Critics of the proposed legislation have said the provisions which relate to breaking a digital lock go too far and undermine the rights of users to use content for the purposes of education and fair dealing. Professor Michael Geist, Canada Research Chair in internet and e-commerce law at the University of Ottawa, called the proposed legislation “a tale of two bills.” He credits the Conservative government for attempting to strike a compromise on issues such as fair dealing and the ability to use copyrighted works for non-commercial purposes without permission to create mashups, tailoring damages under the act to create a distinction between commercial and non-commercial infringement, and addressing the role of internet providers. But, he said, the government was influenced by the United States to implement the tough digital lock provisions despite feedback from Canadians during consultations on the earlier bill saying "“[The provisions] remain unchanged and are one of the most inflexible, restrictive digital lock provisions in the world”.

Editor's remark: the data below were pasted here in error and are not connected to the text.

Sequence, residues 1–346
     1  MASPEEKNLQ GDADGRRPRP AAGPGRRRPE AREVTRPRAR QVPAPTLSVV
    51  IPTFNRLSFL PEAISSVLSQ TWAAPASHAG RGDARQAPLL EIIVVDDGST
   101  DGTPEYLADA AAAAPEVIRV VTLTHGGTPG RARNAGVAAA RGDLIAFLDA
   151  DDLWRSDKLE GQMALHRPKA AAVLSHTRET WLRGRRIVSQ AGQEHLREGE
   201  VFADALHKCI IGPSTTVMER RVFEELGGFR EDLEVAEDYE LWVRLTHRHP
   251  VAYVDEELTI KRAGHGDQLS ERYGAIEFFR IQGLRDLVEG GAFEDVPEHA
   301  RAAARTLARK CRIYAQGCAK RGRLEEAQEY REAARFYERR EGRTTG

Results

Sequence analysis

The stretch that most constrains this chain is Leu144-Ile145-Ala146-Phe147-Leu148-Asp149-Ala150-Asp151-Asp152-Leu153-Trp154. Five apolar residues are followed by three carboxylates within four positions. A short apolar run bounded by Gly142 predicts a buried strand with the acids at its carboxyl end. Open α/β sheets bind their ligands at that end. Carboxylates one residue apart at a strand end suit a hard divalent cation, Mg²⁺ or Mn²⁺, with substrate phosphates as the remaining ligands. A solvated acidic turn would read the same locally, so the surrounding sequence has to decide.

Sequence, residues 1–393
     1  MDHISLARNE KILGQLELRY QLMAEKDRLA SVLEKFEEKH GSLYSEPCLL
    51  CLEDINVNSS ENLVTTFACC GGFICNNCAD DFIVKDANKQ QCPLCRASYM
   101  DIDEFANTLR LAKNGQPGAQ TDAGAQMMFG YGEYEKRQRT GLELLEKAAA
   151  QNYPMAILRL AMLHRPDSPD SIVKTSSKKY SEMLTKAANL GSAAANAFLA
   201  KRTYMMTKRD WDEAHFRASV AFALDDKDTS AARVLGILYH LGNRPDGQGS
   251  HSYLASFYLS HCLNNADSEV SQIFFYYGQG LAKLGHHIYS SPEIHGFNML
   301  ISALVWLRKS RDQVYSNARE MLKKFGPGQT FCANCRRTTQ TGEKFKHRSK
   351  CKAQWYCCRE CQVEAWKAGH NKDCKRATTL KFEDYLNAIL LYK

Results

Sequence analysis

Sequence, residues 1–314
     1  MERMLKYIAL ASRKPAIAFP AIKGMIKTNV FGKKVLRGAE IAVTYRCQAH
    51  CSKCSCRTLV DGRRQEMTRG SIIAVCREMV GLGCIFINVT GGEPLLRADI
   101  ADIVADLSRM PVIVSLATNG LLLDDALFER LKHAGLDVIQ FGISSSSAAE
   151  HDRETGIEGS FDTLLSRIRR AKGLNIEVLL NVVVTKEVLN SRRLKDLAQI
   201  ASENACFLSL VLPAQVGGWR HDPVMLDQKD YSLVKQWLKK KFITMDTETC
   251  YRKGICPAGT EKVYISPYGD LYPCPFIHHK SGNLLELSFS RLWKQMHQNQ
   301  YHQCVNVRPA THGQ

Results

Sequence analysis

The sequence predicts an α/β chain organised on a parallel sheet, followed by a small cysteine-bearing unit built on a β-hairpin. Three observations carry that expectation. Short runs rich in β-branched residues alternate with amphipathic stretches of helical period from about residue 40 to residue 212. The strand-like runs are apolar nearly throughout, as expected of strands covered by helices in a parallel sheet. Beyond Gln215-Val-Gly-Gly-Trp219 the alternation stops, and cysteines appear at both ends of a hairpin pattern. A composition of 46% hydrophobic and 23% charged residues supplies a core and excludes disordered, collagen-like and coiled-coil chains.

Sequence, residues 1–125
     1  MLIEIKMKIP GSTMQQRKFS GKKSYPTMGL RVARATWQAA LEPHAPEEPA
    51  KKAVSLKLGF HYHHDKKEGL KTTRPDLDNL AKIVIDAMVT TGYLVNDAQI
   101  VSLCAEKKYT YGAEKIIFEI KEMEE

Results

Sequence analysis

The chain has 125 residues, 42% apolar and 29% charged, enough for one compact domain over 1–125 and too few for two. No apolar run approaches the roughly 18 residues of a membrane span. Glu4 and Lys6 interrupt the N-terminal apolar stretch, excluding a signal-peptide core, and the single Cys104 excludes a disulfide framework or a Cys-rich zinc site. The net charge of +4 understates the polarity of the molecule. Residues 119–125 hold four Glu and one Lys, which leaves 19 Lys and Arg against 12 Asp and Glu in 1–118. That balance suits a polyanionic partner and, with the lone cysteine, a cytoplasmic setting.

The bill’s passage will also allow Canada to ratify the World Intellectual Property Organization internet treaties it signed in 1997.
Flag from http://arstechnica.com/tech-policy/news/2011/05/canada-still-in-copyright-hall-of-shame-according-to-the-us.ars
Labels: artistic copyright, Canada, digital locks, safe harbour
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Ben, while I appreciate that you appear to be drawing your information primarily from third party sources, I generally expect better accuracy from this blog on copyright related matters.
"To some commentators a less welcome provision (and the sticking point in previous attempts to pass this bill) is the blanket ban against breaking digital locks..."
The sticking point in previous attempts to pass copyright reform has not been anti-circumvention, it has been that Canada had a minority parliament when all three previous attempts were introduced and an election was always triggered before Parliament could pass the bill. The Government got closest with C-32, but due to the overwhelming number of stakeholders demanding to be heard when the bill was referred to a special legislative committee for review, the Committee did not complete its review before the election was called.
"This includes "picking" a lock on a DVD purchased overseas to watch at home, or transferring a purchased protected e-book to read to another personal device. The bill provides for $5,000 fines for even the smallest such violations."